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05.12.16

Large Firms Which Are Becoming Troll-Like Threaten Linux, Try to Embargo Imports

Posted in GNU/Linux, Google, IBM, Microsoft, Patents at 11:17 am by Dr. Roy Schestowitz

Software patents strike again

“Belief is no substitute for arithmetic.”

Henry Spencer

Summary: Legal battles which primarily involve Android (and by extension Linux) are noted by the media this week because there is a request for bans (injunction)

THERE is a growing trend in downturn economies because infinite growth is impossible and monopolists strive to make up for losses by overstepping new boundaries. Companies that once produced awesome products have nothing left but patents, so they resort to patent shakedowns and try to claw in other companies’ revenue. Watch how, amid massive layoffs, IBM is attacking legitimate companies using software patents these days, earning itself labels like "the World's Biggest Patent Troll". IBM’s victim said: “IBM, a relic of once-great 20th century technology firms, has now resorted to usurping the intellectual property of companies born this millennium.” Can anyone trust IBM with OIN anymore? IBM is not a credible ally, it’s a cornered animal afraid of not employing like half a million people anymore. ‘Poor’ IBM…

Not only companies which pretend to be all about Linux do this. One such company is Creative, which we wrote about the other day. As one new article put it, “Creative rises from the dead to try and destroy Android” and to quote:

Do you remember Creative? In the early 2000s, the company had a brief period of being cool, as its Zen MP3 players were the anti-establishment alternative to the iPod. These days, the Singapore-based company mostly makes gaming headsets and computer speakers — nothing to do with smartphones, in other words. But thanks to a complaint filed against every big Android phone manufacturer, Creative has quietly declared war on Android.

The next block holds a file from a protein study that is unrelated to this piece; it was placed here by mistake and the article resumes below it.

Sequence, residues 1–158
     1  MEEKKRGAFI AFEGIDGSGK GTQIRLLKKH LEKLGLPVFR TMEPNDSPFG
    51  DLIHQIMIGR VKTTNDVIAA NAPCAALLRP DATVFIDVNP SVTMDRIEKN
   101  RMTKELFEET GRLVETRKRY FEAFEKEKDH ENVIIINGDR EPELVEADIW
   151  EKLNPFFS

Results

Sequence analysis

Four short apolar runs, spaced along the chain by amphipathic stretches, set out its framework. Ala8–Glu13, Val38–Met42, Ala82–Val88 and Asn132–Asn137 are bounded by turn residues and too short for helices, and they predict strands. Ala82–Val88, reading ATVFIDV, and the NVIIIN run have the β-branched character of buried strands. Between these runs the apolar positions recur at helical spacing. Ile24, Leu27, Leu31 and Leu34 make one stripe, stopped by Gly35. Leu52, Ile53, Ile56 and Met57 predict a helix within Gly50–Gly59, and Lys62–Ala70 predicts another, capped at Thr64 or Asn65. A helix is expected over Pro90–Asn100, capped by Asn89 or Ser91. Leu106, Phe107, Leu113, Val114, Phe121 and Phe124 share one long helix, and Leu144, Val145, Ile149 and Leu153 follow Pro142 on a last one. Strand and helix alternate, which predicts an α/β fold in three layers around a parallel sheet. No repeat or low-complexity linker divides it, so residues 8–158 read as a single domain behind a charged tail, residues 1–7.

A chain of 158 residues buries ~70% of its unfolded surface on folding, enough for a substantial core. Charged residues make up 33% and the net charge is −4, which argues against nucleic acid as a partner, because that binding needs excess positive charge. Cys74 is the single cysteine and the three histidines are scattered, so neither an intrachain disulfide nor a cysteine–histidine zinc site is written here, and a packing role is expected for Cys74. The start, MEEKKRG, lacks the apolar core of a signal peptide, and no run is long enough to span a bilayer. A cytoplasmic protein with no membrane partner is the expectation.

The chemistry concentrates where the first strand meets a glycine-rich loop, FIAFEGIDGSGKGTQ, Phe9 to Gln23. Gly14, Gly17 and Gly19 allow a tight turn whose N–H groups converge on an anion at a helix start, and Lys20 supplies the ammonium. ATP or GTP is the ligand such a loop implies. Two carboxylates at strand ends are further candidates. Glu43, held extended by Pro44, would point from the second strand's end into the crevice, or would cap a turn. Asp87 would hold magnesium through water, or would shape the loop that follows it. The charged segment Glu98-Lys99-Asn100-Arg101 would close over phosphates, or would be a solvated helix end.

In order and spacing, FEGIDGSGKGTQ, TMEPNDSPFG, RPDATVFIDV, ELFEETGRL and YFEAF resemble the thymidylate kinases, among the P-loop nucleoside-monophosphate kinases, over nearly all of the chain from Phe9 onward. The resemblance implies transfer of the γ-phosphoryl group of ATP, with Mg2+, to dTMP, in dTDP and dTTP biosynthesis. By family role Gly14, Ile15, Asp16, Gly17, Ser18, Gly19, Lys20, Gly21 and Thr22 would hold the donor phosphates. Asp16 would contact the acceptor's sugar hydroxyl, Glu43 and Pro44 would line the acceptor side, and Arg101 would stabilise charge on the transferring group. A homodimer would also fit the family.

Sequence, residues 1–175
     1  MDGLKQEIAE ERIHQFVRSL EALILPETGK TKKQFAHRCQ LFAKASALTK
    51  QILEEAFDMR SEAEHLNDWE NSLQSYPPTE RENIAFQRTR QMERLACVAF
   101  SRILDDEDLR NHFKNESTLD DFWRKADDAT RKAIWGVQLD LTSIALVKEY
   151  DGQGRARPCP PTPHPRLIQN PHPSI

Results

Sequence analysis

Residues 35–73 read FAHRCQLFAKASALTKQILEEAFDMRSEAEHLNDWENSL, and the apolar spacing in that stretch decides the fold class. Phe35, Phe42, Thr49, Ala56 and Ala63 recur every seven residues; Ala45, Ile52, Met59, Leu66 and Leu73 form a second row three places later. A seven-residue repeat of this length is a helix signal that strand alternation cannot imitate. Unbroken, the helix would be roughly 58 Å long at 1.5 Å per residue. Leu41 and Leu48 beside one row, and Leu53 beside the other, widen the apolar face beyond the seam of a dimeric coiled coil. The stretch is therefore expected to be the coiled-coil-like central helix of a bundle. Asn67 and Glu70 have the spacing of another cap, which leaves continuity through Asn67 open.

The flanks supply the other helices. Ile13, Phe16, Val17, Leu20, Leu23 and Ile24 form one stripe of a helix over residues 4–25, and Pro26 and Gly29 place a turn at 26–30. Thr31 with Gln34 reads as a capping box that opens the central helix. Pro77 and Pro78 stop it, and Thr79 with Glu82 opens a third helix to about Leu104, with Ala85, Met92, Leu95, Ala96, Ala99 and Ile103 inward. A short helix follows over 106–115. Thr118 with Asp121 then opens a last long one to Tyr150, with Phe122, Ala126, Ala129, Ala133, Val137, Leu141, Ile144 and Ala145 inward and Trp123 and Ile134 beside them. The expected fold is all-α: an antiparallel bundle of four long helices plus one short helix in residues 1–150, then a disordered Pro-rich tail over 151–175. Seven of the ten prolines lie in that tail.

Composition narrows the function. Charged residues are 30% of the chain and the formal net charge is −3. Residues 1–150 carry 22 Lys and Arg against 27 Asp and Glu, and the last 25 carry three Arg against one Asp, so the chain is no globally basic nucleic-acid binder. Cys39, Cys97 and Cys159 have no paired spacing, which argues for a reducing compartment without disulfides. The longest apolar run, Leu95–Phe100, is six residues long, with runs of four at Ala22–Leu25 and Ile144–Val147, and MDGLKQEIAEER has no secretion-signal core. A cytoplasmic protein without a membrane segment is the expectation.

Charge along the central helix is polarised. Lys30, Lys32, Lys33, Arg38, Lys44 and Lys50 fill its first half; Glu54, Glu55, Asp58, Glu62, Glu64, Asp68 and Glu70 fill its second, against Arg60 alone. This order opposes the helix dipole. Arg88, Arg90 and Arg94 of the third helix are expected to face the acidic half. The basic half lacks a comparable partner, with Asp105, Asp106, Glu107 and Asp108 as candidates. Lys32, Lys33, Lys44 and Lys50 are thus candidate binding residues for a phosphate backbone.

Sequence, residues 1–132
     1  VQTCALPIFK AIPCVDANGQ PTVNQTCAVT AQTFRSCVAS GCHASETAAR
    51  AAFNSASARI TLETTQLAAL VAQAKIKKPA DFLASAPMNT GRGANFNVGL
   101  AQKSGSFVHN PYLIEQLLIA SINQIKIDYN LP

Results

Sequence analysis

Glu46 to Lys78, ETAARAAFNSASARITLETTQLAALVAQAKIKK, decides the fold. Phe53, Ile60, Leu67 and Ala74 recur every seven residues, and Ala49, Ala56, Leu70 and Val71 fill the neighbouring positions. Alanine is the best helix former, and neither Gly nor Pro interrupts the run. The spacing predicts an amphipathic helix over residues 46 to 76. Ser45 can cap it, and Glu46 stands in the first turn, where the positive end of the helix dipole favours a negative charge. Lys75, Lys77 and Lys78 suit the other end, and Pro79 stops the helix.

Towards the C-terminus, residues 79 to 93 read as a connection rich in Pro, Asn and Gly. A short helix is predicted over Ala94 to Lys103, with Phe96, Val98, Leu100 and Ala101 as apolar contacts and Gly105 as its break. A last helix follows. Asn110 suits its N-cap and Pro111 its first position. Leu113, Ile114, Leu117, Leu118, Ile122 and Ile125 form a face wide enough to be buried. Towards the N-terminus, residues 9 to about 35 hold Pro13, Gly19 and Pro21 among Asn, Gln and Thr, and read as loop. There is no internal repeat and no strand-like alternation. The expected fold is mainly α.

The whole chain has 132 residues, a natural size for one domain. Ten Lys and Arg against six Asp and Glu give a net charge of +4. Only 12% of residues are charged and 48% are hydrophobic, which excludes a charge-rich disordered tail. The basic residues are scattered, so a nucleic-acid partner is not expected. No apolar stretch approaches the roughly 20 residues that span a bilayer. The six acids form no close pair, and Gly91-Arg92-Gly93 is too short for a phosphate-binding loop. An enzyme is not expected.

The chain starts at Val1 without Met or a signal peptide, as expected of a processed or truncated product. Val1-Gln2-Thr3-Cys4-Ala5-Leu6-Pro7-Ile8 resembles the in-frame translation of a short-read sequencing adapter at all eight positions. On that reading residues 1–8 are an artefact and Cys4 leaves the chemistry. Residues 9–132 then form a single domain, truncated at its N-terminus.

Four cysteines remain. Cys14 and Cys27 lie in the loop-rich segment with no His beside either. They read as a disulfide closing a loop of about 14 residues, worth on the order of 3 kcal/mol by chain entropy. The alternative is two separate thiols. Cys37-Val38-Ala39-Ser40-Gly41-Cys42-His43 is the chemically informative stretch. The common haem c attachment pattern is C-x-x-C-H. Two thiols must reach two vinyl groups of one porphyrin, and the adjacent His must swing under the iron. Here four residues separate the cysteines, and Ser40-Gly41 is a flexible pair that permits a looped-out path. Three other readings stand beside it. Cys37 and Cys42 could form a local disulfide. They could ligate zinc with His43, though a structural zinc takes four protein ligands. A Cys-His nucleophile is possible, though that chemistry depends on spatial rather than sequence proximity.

The complaint is filed against a who’s-who of Android smartphones: Samsung, LG, HTC, BlackBerry, Sony, ZTE, Lenovo and Motorola. The issue at hand is music players: all the phones have ’em, and Creative has a patent it thinks is being infringed on. Specifically, all the phones are capable of “playing stored media files selected by a user from a hierarchical display.”

Android Police wrote that “Creative Wants To Ban Most Android Phones From US Over Alleged Patent Infringement” and to quote some paragraphs:

Creative is not a name you hear as often in consumer electronics these days. The Singapore-based firm is known for making audio products, including the Zen line of media players. Creative has filed a complaint with the US International Trade Commission (ITC) alleging that basically every maker of Android phones is infringing its Zen patents by displaying your music. It wants them all banned, but what it really wants is money.

The complaint targets ZTE, Sony, Samsung, LG, Lenovo, Motorola, HTC, and BlackBerry. At issue is how everyone shows you songs and albums in a hierarchical menu system, which Creative says it invented. It went after Apple for the same thing a decade ago and eventually got a $100 million settlement. If the ITC agrees with Creative, it could lead to a ban on infringing devices, which would be a lot of phones.